One of the better quotes I’ve come across regarding the recent murder of yet another black man in America comes from the former NBA player Duane Wade, I paraphrase : ‘ Until people that aren’t black are as outraged as we are, nothing will change.’ I am sad to say, I agree with this statement.

    Have you had enough of the standard black and / poor carnage in the US these days — enough of those few with way too much, contrasted with the many millions that never and will never, have enough ? Why do we allow these greedy heartless pigs ?

    Spike Lee recently said , I paraphrase : “There’s nothing new here. This shit’s been happening every day for the past 400-years or so . . . ‘ I am left wondering – how is that some white people can’t or won’t see the injustice here – it’s poking you in the eye and soul, for heaven’s sake ! Imagine trading places with one of those folks . . . how’s that feelin’ ? Or – Do you feel anything at all ?

    I’ve noticed racism for most of my 66-years. I was aware my skin was white and slowly began to understand what that entitled me to possibly, that blacks were not privy – it was understood without mention – it was normal.

    I saw how all blacks were treated growing up in Trenton, NJ. I watched the ghettos vanish, seemingly over night around the mid 60’s and beyond. When I asked “where did they all go ?” The answer was understood (not by me , yet) Who cares where they are – they are not here now.

    There are many unacknowledged issues under the rubble of the lives of countless throw away people here and abroad. Guess whose turn is comin’ up ? It’s a karma thing.

  • Harbinger

    Working class people participate every form of business and government on some level, of course. We have no choice, That does not therefore mean that our grievances are not legitimate.

  • 0040

    Until the industrial revolution began “working people were accurately called slaves or soldiers and in most cases were freer in absolute terms than todays so called working people. So , no it does not invalidate my point, which you have failed to understand.

  • Harbinger

    I didn’t say “working people,” I said working class people.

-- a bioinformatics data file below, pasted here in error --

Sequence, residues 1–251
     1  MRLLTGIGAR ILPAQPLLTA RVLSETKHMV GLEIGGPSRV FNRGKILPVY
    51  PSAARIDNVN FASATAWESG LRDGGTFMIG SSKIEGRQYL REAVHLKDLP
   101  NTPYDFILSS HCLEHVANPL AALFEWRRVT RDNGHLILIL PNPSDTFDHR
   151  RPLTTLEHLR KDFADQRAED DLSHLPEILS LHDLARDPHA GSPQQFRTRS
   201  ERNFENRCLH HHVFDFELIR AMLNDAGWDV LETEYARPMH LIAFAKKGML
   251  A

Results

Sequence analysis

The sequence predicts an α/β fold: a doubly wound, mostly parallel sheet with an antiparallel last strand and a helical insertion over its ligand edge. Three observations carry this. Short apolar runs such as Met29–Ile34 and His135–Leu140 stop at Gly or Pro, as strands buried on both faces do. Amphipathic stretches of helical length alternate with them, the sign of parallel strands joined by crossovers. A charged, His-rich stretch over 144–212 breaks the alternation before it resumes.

Your point, as I understood it, was that since some non-white people persecute other non-white people, persecution of non-white people can therefore not be racism. You see Black faces her and there in positions of power, so you conclude that Black people as a group are not oppressed.

    I pointed out that there are working class people doing the bidding of the owners all of the time, and there are working class people who gain various political offices. That does not therefore mean that working class people as a group are not oppressed.

    Politicians and bureaucrats are not the real power in the US, by the way. The real power rests with the ownership class.

    I have no idea where you are going with slavery, the industrial revolution, etc. I suppose you are saying white people are unfairly blamed. That is easily solved – stop being white people. The very concept of white people – as opposed to everyone else on the planet – was invented by some white people.

  • kevinzeese

    Slave labor is the reality. Minimum wage so people need to work to eat or feed their family. Healthcare, inadequate as it is, tied to employment so to have any access, people must stay at the jobs they hate. Housing eating up one-third to one-half their income so they must work or be homeless. The working class are slaves to lousy, low paid starvation wages.

  • 0040

    Housing costs eats up closer to 80% of working peoples incomes in the Gig economy , only propaganda and massive self deception makes it appear otherwise. The move toward universal healthcare as a human right thanks to Obomber a self described Reagan man is now over. It is now obvious that travel and recreation are also being restricted to those who can pay to play. Travel is forbidden unless exempted by authorities . The Obomber Platinum passport with the Gates visa attached will be unaffordable to the masses . While publicly funded recreational facilities and the travel industry infrastructure are now closing enmasse most of it permanently , taking millions of unionized jobs with them.